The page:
Best Practices For Credit
The best practices for using credit cards start with living within your means. Credit cards should be used in place of cash when making a large purchase that you already have the funds to pay for. Credit is not to be used to extend your lifestyle, as an emergency fund, or to make impulsive purchases.
You should strive to pay your credit card balance in full each month to avoid paying a late fee due to late payments. On-time payments are crucial to establishing good credit. However, if you find that you cannot pay your credit card off each month try to at least pay more than the minimum payment.
Most credit card statements calculate how long it will take you to pay off your balance if you only pay the minimum payment. Based on your balance you could shave off two to three years by paying $50 over the minimum payment. Make paying off your credit card balances part of your budget.
It is always a good idea to have a budget in place to enable you to have a plan for all future needs. Think of a budget as simply a plan for how to spend your money. This will help you avoid exceeding the limit of your credit cards and help you build up your credit score. A good credit score will help you obtain lower interest rates so that you will be able to afford a better car, home, etc.
About The Credit Score
What makes up your credit score:
- Payment History (35% of your credit score)
- Utilization (30% of your credit score)
- Length of Credit History (15% of your credit score)
- New Credit (10% of your credit score)
- Credit Mix (10% of your credit score)
Since how you make payments accounts for 35% of your credit and how you use your credit balance accounts for 30% of your credit, you should make every effort to pay your credit cards on time and not max out the balance. You should review your credit report yearly for discrepancies. Try to always keep track of your payment history, utilization, length of credit history, new credit, credit mix, and unauthorized credit inquiries. Read How To Raise Your Credit Score to 700 in 90 days to learn more about credit scores.
Types of credit
You should review your credit history for the types of credit being reported. You should also review your current credit mix. A good credit report will have a mix of different types of credit. You are not required to have all types, but you should have a mix of revolving and installment loans.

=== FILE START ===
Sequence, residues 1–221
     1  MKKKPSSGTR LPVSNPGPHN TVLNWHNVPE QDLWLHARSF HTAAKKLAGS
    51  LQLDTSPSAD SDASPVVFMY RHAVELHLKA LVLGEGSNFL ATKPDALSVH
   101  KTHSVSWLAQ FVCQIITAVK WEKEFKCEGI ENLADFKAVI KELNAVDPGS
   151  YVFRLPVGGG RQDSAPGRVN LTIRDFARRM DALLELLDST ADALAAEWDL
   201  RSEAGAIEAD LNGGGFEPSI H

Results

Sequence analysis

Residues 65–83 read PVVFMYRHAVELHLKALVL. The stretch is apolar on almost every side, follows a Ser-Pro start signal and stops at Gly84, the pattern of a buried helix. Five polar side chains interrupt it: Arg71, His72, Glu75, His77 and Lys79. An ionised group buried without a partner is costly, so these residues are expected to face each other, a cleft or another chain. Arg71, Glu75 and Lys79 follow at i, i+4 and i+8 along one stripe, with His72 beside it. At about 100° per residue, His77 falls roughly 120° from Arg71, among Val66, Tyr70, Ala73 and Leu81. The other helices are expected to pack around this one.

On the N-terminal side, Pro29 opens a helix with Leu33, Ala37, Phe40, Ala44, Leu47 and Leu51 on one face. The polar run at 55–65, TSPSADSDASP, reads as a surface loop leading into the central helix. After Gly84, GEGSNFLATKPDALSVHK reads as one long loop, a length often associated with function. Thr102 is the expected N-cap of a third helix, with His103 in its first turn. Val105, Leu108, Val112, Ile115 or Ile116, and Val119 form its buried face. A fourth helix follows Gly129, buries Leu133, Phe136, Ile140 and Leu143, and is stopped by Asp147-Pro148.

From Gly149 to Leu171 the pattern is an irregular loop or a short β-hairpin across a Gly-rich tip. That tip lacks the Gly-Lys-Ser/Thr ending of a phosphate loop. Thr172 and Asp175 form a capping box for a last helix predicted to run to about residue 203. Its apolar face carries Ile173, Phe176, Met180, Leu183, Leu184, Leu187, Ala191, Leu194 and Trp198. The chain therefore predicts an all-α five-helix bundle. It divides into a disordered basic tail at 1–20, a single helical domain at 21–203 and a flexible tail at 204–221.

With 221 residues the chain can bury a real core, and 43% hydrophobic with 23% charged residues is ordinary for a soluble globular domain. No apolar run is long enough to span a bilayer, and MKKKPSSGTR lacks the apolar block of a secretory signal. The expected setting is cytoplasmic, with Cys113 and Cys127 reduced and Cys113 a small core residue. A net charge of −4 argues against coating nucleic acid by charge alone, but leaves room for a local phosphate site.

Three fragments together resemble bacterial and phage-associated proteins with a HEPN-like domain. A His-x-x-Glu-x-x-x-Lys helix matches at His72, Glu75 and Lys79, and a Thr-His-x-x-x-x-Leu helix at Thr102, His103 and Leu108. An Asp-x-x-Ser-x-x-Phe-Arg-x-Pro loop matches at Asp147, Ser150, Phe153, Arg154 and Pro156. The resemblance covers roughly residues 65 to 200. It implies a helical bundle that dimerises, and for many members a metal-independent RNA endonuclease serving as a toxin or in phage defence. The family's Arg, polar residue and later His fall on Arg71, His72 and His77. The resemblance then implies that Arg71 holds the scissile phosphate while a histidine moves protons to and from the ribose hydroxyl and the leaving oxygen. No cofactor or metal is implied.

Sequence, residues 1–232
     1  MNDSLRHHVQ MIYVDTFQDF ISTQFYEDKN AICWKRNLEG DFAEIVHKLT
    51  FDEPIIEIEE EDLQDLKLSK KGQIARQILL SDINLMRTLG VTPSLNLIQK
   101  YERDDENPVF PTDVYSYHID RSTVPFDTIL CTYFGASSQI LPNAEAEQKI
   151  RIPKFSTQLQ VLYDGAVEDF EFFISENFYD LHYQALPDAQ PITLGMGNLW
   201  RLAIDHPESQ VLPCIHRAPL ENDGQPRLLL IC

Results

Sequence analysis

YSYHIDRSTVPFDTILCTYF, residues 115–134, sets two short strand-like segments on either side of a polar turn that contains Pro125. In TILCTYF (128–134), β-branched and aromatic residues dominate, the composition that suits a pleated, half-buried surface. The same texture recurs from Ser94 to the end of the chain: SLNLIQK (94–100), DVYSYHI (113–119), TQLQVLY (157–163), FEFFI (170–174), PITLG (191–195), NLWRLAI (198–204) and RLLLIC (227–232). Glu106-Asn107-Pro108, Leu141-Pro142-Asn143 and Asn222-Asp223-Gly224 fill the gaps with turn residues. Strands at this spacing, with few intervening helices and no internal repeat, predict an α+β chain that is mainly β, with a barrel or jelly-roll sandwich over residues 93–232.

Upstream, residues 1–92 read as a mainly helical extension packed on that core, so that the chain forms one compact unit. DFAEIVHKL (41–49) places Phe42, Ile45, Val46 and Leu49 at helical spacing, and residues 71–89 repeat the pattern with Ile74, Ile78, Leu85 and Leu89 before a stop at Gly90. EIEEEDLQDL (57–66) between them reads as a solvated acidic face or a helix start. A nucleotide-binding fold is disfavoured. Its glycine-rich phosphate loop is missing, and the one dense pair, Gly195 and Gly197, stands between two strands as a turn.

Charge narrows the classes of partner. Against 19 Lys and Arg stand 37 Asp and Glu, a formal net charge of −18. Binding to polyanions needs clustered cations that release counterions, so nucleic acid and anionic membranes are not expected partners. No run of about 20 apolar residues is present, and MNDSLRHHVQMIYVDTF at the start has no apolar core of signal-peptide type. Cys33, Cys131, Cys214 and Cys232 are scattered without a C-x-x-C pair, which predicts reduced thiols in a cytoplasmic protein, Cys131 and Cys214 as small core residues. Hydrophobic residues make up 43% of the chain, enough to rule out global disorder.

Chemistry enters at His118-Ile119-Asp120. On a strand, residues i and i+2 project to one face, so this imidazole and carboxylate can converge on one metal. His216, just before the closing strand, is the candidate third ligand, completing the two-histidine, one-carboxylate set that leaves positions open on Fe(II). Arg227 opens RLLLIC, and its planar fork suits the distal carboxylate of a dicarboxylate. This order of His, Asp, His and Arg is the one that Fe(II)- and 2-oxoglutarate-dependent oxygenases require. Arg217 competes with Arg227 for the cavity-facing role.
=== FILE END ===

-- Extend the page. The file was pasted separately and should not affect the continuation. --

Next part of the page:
Here is a list of various types of credit.
- Standard Credit Cards (Revolving Credit)
- Secured Credit Card (Revolving Credit)
- Line of Credit (Revolving Credit)
- Car Loan (Installment Loan)
- Mortgage (Installment Loan)
- Personal Loans (Installment Loan)
The size and thickness of the credit card are important to be standardized because of the various ways in which the card will be used. Whether using an ATM or making a purchase you want the process to be hassle-free. It was very helpful that a global standard was set very early and during the birth of this new industry. It is probably one of the main reasons that this industry was able to grow so rapidly because it did not have infrastructure issues to impede its progress.
The purchase volume on general purpose credit and debit cards in the United States in 2022 was $10.4 trillion, per the Nilson Report. That’s up 11% from 2021. Credit cards accounted for $5.6 trillion while debit and prepaid cards accounted for $4.9 trillion.
Standard Credit Card Size
- Credit cards must be 8.56 cm by 5.398 cm (which is 85.6 mm by 53.98 mm, or 3.375 inches by 2.125 inches).
- The corner roundness must be 0.3818 cm (which is 3.18mm or 0.125 inches).
- The Standardized thickness of a credit card is 0.76 millimeters or 0.0299 inches.
- The weight of a credit does not matter.
This content is for information purposes only. Consult a financial advisor for individual financial advice.